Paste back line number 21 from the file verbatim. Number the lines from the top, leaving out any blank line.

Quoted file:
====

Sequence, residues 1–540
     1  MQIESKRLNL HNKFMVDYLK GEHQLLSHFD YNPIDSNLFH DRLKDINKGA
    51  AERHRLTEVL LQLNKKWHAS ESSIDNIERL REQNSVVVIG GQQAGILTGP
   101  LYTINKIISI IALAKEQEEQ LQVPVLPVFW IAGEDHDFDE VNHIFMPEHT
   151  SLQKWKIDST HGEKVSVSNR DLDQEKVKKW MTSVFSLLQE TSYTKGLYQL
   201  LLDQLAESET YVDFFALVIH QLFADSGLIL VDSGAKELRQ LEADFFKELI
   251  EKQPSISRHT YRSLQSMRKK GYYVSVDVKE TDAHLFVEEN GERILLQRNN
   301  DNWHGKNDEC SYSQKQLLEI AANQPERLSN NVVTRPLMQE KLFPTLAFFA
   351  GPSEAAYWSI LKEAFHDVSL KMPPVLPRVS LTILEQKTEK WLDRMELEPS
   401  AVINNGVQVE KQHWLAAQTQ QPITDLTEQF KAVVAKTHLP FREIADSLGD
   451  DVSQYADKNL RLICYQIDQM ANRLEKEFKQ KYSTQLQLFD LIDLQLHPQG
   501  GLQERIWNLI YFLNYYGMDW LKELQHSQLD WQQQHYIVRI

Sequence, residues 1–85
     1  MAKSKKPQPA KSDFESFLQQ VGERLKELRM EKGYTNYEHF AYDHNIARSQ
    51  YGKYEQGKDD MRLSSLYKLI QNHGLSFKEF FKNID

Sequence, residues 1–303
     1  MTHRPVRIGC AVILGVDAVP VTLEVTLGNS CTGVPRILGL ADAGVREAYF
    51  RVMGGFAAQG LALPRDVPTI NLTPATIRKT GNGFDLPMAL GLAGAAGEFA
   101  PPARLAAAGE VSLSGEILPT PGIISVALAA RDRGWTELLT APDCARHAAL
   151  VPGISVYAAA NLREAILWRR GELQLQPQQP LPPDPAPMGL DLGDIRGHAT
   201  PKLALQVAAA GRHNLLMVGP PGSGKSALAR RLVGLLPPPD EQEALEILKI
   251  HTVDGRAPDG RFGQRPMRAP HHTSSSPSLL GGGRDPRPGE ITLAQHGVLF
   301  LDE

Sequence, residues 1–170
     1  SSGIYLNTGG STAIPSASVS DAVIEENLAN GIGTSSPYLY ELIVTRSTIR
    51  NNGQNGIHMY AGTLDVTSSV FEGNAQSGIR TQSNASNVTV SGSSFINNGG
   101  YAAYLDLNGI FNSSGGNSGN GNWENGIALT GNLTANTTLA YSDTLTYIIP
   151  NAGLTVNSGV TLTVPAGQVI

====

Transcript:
   201  PKLALQVAAA GRHNLLMVGP PGSGKSALAR RLVGLLPPPD EQEALEILKI